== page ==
By Lise Alves, Contributing Reporter
MIAMI BEACH, FLORIDA – Using a new scientific model, researchers have announced that coastlines around the world are in greater threat of being swallowed up by sea level rise (SLR) than previously thought. According to them this new forecast is likely to further put pressure on the economies and political systems of many countries around the world.
“The model, CoastalDEM, shows that many of the world’s coastlines are far lower than has been generally known and that sea level rise could affect hundreds of millions of more people in the coming decades than previously understood,” states researchers at Climate Central, a research and advocacy group.
The research, published in the journal Nature Communications this week, estimates coastal elevation and improves upon previous forecasts based on NASA’s Shuttle Radar Topography Mission.
According to CoastalDEM, approximately 110 million people currently live on land below the high tide line. By 2100, global sea levels are projected to rise between about two and seven feet, and possibly more and over 200 million people could sit permanently below that high tide line.
How much sea level will rise will depend on us human beings, say researchers Benjamin Strauss and Scott Kulp. “The key variables will be how much warming pollution humanity dumps into the atmosphere and how quickly the land-based ice sheets in Greenland and especially Antarctica destabilize,” say researchers.
Although the scientists agree that sea level rise will affect every coastal nation by 2100, they say the greatest effects will be seen in Asia, due to the high number of people living in low-lying coastal areas.
According to the Climate Central study, people living in coastal cities in China, Bangladesh, India, Vietnam, Indonesia, and Thailand are the most vulnerable to sea level rise, with those six nations being responsible for almost three-fourths the total number of people to be displaced by rising waters.
The study, however, also shows cities in countries as distant as Nigeria, Brazil, and Egypt as being permanently underwater by 2100.
“Three of every four people in the Marshall Islands now live on land that could lie below high tide in the next eighty years. In the Maldives, the figure is one in three” reveals the study.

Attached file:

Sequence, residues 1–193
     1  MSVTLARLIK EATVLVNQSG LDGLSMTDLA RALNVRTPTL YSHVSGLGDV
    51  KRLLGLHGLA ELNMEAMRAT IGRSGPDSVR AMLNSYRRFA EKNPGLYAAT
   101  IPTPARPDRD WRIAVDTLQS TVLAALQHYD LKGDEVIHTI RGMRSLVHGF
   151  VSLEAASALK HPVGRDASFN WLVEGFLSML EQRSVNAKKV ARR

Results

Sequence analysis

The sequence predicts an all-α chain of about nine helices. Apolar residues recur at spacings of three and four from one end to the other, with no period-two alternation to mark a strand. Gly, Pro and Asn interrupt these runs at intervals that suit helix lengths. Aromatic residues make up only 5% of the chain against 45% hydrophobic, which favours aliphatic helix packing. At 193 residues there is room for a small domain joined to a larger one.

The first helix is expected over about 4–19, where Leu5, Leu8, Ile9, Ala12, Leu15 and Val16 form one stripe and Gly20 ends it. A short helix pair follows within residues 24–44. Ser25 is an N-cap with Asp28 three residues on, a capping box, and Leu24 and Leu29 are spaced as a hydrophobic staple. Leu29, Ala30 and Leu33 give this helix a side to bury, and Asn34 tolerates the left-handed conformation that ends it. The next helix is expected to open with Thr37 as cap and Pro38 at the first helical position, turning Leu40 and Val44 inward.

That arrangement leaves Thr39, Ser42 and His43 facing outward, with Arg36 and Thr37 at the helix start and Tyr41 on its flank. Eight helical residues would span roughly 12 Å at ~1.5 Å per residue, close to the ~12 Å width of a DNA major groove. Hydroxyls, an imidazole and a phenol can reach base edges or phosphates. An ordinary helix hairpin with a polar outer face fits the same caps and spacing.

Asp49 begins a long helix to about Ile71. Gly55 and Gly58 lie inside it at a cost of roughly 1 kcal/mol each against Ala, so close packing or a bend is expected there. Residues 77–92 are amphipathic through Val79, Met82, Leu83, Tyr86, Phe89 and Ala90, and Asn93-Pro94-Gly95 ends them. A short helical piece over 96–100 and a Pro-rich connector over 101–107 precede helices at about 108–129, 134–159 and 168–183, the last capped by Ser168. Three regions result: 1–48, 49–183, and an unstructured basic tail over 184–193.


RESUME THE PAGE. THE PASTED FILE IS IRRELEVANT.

The estimates of future economic losses, from sea level rise, forecast in the trillions, should also increase, say researchers.
“In practice, the costs will run deeper than immediate physical damage to buildings and infrastructure, or the costs of adaptation,” states the study.
According to researchers, flooding will displace productive local economies and may also hinder global supply chains by limiting access to ports and coastal transportation.
Political consequences due to SLR are also likely. The displacement of millions of people is likely to place a strain on both the social services of those cities near the coastline, due to reduced revenues from taxes, as well as those cities receiving the shifting populations.
For these researchers, the recent migrations seen in Europe and Central America ‘pales in comparison to the potential displacements of the coming decades, when many millions of people could flee rising seas around the world—both across borders, and within them,” warns the study.
With a gloomy outlook, the Climate Central study states there is little people can do. Drastic reductions in global emission now would reduce only moderately the number of people affected by SLR in the coming years, say scientists, affecting much more the other risks involved with climate change than rising oceans.
They do suggest that governments of coastline areas avoid construction and protect or abandon existing infrastructure.
“Sea level rise is a near term danger: today’s communities must make choices not just on the behalf of future generations, but also for themselves,” concludes the study.